Seeing a vehicle sold outside of its home market is always a treat. In the United States, we fetishize JDM cars like it's nobody's business—Nissan Skylines, Toyota Chasers, early Mitsubishi Evolutions. The same goes for U.S.-built vehicles in other countries, such as muscle cars, performance trucks, and including the 2022 Hennessey RAM TRX Mammoth.
Recently, one of these trucks popped up on a Finnish auto classified site. The 1,000-horsepower super-truck had made its way to Finland for the cool price of $272,000—about twice the cost if one was ordering directly from Hennessey, and nearly four times the cost of a base TRX.
But just because you're paying for the whole truck doesn't mean that you'll get to use all of it. In fact, it's quite the opposite. A workaround to have the truck imported without paying hefty taxes meant the installation of a speed limiter to cap the high-horsepower performance truck at a top speed of just 55 mph.
"But Rob," I hear you asking. "Why in the world would somebody neuter a truck with a quadruple-digit power output to just 55 mph?"
The reasoning, my friends, comes down to a simple tax loophole.
Because the TRX is basically the anti-Prius, it produces a decent bit of pollutants when driven hard. In fact, it produces 506 g/km of CO2 emissions, which would make it subject to a 44.8 percent Finnish import tax should it be registered as a five-seater passenger vehicle. But it also has a gross weight of 3,539 kg, just a few kilos over the threshold of what can be considered a commercial vehicle in Finland. In the TRX's case, it's classed as an "N2," which permits owners to import and register the TRX without paying that 44.8 percent tax if they so choose. There's a catch, though.
Because Finland is a member of the European Union, it must adhere to a particular directive that requires speed limiting devices to be installed if the N2 vehicle is used on the road. As such, the 1,000-horsepower Hennessey TRX Mammoth is officially limited to just 90 km/h, or 55 mph (which is slightly less than the 93 km/h quoted in the ad).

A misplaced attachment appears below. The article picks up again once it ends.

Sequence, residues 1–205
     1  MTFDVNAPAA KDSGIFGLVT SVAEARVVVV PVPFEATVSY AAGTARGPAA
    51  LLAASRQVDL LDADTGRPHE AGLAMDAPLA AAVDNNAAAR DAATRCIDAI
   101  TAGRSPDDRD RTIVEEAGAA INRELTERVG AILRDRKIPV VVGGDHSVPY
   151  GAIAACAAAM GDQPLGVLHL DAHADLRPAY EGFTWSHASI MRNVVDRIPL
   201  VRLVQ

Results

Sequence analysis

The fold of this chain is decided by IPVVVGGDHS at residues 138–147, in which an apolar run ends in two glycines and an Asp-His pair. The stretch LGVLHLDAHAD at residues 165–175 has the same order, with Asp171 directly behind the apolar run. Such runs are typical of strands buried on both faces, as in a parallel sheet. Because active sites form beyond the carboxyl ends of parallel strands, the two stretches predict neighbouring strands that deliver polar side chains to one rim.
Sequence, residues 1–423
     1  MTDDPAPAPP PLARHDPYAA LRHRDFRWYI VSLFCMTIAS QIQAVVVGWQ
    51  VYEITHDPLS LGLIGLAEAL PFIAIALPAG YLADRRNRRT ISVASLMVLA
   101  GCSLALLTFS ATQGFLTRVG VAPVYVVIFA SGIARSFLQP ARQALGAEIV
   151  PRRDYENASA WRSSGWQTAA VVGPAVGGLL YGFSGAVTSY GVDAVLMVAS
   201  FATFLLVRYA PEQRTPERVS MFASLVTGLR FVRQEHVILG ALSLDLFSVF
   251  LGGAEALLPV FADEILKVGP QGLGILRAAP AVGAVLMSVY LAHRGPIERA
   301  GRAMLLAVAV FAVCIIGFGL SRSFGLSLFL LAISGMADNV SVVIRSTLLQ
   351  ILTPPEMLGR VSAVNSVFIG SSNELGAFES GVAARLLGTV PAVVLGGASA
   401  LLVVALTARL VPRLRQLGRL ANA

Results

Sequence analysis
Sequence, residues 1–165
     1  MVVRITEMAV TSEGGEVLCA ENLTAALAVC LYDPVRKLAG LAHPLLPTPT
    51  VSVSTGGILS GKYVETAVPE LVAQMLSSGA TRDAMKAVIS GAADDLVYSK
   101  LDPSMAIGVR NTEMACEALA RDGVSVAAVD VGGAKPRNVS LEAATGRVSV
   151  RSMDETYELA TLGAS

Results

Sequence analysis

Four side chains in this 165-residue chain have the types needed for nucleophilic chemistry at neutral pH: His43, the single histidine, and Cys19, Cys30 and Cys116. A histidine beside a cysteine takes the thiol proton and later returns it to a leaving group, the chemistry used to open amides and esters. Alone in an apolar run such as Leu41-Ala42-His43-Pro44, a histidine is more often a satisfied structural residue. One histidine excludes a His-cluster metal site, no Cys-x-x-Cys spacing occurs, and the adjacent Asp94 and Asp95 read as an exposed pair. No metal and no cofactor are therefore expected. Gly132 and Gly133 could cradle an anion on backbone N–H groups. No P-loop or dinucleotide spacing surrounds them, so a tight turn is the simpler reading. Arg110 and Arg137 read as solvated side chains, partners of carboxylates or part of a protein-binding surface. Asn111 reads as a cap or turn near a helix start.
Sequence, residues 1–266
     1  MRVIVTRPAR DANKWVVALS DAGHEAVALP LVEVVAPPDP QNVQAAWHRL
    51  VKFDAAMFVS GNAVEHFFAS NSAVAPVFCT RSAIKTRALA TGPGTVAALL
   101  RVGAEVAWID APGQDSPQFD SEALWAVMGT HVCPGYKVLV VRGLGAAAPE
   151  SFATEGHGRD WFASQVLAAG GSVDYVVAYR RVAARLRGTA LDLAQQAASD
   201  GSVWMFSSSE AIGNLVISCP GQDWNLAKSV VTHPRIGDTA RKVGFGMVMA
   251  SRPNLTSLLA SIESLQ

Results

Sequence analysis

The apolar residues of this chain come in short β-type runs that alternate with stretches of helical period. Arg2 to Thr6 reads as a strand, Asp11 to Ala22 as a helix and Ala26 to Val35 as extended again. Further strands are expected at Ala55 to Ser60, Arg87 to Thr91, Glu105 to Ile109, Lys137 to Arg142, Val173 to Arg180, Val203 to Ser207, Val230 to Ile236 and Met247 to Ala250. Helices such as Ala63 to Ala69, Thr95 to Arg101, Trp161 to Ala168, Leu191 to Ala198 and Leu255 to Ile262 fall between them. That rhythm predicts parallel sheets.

From the factory, the TRX has a top speed of 118 mph before any Hennessey upgrades. And while the tuner doesn't actually reveal the Mammoth's top speed, at least we know it will take under the advertised 3.2 seconds to go from zero to The New Finnish Limit. Shame it won't be able to do that 11.4-second quarter mile with a limiter installed, either.
Finland has been home to some weird tax loopholes before, including one that permitted '80s American muscle cars to be imported and chopped into pickup trucks and vans in order to circumvent certain costs. Both situations are admittedly hilarious, but there's something special about paying $272,000 for a 1,000-horsepower pickup and not even being able to break 60 mph.
Anyway, if you happen to be a wealthy Finn and this is the type of vehicle you're losing sleep over not owning, I do come bearing a bit of good news: you can buy this truck. The ad says that the vehicle will be available in April, and an individual from the dealership's Facebook page told me that they are "enjoying" it in Florida until it is exported next month... probably without that speed limiter, too, if I had to guess.
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